Employees up and down the value chain are eager to dive into big data, hunting for golden nuggets of intelligence to help them make smarter decisions, grow customer relationships and improve business efficiency. To do this, they’ve been faced with a dizzying array of technologies – from open source projects to commercial software products – as they try to wrestle big data to the ground.
Today, a lot of the headlines and momentum focus around some combination of Hadoop, Spark and Redshift – all of which can be springboards for big data work. It’s important to step back, though, and look at where we are in big data’s evolution.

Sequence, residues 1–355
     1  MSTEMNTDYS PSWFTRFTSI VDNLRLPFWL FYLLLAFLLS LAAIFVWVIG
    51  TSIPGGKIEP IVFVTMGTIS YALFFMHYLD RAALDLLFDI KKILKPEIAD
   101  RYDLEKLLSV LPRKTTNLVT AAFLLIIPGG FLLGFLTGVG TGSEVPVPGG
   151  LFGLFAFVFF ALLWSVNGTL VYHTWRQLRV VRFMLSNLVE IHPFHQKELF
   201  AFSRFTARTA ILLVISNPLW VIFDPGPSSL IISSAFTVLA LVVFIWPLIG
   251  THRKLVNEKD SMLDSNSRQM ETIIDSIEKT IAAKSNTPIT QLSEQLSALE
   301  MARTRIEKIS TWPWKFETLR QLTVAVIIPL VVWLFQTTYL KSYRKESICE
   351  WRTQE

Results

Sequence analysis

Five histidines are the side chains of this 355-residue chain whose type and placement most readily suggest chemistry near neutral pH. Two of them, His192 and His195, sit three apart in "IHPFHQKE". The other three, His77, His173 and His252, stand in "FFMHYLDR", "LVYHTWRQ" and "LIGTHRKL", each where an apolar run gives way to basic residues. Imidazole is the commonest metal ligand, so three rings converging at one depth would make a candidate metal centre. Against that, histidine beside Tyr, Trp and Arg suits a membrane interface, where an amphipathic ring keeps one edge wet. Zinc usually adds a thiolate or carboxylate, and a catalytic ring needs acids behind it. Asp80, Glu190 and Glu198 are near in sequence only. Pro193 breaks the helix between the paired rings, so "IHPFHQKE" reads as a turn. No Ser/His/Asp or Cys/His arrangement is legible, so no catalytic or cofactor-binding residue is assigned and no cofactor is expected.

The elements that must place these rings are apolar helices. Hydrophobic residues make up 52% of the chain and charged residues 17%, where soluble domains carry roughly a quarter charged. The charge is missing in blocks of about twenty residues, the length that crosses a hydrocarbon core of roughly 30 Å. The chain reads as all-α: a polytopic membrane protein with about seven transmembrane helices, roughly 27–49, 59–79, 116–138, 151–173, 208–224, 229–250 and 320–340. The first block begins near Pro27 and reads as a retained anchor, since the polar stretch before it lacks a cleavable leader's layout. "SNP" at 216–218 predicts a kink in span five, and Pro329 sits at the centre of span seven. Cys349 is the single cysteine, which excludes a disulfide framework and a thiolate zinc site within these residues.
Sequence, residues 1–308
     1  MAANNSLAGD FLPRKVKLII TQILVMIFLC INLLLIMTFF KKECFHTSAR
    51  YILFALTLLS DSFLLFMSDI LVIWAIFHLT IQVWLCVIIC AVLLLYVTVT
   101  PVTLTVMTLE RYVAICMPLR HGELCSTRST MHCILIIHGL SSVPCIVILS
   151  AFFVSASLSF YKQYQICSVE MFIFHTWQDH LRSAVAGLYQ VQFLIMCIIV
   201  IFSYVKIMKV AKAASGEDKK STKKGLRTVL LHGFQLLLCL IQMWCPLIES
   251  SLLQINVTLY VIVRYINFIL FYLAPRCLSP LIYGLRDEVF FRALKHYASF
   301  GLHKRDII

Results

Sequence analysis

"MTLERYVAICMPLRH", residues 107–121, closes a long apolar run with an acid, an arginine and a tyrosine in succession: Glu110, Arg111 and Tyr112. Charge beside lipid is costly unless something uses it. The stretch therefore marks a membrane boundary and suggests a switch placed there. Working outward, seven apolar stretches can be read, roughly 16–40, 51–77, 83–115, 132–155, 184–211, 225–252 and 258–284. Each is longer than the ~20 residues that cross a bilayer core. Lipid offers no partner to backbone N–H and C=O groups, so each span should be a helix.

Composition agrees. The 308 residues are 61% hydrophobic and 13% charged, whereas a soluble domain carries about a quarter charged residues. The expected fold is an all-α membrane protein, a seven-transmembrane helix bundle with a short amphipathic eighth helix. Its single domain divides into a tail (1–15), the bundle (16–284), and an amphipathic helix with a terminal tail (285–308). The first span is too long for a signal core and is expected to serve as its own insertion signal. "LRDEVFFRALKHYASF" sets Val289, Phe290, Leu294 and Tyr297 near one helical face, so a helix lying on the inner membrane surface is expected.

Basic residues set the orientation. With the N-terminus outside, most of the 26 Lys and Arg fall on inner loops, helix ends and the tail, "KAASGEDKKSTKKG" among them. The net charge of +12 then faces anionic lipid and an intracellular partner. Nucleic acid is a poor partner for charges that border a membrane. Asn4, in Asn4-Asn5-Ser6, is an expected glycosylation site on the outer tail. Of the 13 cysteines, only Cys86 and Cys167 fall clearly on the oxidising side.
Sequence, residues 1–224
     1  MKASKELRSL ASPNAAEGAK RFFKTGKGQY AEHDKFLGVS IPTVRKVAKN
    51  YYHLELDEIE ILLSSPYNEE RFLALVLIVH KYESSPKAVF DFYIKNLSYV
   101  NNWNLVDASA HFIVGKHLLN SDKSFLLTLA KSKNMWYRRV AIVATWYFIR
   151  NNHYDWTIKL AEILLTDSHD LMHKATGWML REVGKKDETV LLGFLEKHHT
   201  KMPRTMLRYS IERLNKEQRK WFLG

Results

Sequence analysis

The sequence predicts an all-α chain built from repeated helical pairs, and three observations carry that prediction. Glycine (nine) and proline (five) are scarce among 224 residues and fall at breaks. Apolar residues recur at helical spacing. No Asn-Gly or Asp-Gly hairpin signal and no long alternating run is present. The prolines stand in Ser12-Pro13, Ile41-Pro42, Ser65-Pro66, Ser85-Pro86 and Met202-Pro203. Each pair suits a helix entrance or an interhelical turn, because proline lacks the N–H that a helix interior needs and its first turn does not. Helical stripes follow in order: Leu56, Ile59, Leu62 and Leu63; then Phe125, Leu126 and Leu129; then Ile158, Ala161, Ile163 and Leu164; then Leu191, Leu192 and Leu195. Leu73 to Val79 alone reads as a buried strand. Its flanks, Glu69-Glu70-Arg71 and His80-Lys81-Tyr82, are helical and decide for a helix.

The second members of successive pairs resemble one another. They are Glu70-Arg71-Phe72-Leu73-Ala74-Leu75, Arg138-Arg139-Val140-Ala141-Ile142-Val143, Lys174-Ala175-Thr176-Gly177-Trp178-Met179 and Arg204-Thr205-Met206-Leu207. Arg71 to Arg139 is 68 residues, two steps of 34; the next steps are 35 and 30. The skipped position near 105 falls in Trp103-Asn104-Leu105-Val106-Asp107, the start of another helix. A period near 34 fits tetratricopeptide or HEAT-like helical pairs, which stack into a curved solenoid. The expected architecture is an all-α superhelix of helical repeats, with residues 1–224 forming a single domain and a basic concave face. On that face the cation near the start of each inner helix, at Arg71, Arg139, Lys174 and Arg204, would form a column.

In many ways, big data is in the midst of transition. Hadoop is hitting its pre-teen years, having launched in April 2006 as an official Apache project – and then taking the software world by storm as a framework for distributed storage and processing of data, based on commodity hardware. Apache Spark is now hitting its strides as a “lightning fast” streaming engine for large-scale data processing. And various cloud data warehousing and analytics platforms are emerging, from big names (Amazon Redshift, Microsoft Azure HDInsight and Google BigQuery) to upstart players like Snowflake, Qubole and Confluent.
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